Exposit The Word James Biblical Teaching Expository Teaching Verse by Verse Mark Dever

James Overview

James, like all of the general epistles except Hebrews, is named after its author

James wrote with the authority of one who had personally seen the resurrected Christ (1 Cor. 15:7), who was recognized as an associate of the apostles (Gal. 1:19), and who was the leader of the Jerusalem church.

James most likely wrote this epistle to believers scattered (1:1) as a result of the unrest recorded in Acts 12 (ca. A.D. 44). There is no mention of the Council of Jerusalem described in Acts 15 (ca. A.D. 49), which would be expected if that Council had already taken place. Therefore, James can be reliably dated ca. A.D. 44–49, making it the earliest written book of the NT canon.

James, with its devotion to direct, pungent statements on wise living, is reminiscent of the book of Proverbs. It has a practical emphasis, stressing not theoretical knowledge, but godly behavior. James wrote with a passionate desire for his readers to be uncompromisingly obedient to the Word of God. He used at least 30 references to nature (e.g., “wave of the sea” [1:6]; “reptile” [3:7]; and “heaven gave rain” [5:18]), as befits one who spent a great deal of time outdoors. He complements Paul’s emphasis on justification by faith with his own emphasis on spiritual fruitfulness demonstrating true faith.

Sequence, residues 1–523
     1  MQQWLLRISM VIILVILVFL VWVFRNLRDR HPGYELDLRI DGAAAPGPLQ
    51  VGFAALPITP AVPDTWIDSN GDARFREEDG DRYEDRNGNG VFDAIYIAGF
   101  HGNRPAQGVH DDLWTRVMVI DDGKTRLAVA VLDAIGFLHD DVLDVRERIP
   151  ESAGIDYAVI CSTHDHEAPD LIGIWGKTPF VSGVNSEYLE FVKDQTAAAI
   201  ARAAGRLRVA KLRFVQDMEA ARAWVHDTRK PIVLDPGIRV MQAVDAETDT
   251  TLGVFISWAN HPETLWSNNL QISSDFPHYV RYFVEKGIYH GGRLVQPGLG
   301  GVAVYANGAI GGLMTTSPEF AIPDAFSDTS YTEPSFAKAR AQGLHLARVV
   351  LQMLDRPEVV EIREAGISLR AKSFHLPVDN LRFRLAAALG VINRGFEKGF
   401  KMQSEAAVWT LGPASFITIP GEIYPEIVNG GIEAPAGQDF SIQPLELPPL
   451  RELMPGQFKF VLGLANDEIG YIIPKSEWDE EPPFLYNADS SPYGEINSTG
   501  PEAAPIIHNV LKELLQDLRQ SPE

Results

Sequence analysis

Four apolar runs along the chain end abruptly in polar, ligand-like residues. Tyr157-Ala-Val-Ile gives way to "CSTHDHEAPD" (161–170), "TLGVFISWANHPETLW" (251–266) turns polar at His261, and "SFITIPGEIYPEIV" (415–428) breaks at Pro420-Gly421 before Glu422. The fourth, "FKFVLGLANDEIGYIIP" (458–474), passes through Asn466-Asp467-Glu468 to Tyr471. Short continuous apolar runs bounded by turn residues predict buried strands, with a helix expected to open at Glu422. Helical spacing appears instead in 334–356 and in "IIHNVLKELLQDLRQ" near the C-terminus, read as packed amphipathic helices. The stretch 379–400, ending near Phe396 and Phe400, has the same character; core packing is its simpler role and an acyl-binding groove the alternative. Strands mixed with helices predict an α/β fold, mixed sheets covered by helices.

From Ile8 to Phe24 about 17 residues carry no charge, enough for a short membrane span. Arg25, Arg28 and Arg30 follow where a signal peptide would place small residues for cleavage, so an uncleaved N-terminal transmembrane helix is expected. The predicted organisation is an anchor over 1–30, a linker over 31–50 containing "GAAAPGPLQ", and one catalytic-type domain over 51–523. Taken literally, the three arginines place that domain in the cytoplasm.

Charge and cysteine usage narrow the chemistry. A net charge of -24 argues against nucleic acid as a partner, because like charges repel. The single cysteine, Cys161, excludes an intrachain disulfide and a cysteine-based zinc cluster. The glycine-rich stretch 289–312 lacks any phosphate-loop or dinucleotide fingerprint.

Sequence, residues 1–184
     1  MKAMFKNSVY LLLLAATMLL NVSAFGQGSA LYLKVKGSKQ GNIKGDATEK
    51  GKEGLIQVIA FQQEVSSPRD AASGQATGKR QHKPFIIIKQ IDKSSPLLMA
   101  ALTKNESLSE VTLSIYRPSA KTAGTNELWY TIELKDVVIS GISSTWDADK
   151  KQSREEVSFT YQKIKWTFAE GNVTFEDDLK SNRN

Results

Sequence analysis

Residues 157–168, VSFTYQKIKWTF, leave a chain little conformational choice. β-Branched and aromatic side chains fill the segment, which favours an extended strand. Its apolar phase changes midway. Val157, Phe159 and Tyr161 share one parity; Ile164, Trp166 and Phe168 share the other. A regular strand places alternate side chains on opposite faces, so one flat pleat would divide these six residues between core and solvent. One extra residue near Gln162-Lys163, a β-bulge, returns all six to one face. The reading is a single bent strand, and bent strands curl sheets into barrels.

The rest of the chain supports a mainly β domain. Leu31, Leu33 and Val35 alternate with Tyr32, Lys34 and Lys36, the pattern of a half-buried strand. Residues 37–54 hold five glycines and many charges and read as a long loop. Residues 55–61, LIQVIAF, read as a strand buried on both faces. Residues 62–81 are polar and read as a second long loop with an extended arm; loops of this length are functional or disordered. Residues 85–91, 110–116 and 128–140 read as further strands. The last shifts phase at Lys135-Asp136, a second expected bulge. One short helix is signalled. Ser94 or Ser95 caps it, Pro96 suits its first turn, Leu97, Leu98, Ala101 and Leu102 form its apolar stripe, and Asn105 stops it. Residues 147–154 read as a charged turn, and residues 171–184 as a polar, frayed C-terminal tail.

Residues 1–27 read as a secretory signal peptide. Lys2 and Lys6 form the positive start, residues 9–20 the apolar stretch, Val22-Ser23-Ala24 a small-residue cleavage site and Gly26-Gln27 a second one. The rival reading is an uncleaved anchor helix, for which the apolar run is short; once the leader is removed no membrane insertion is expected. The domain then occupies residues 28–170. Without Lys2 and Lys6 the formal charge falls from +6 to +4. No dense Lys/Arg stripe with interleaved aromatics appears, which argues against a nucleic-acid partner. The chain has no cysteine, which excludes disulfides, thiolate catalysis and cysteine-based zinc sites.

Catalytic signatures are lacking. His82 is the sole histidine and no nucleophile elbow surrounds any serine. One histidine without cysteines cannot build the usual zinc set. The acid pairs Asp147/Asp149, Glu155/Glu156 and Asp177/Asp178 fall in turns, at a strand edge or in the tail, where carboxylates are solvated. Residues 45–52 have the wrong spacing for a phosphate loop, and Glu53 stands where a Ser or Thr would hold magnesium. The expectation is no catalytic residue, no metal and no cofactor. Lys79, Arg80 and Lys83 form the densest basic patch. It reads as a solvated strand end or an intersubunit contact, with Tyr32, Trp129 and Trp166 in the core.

Text used with permission from GTY.org

“All Scripture is breathed out by God and profitable for teaching, for reproof, for correction, and for training in righteousness”  2 Timothy 3:16

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